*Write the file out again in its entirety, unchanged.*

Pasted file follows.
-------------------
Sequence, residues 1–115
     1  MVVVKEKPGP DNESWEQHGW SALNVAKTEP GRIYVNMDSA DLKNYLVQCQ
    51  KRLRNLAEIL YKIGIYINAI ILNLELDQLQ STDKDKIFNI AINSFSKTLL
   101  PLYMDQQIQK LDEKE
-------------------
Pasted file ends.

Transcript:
Sequence, residues 1–115
     1  MVVVKEKPGP DNESWEQHGW SALNVAKTEP GRIYVNMDSA DLKNYLVQCQ
    51  KRLRNLAEIL YKIGIYINAI ILNLELDQLQ STDKDKIFNI AINSFSKTLL
   101  PLYMDQQIQK LDEKE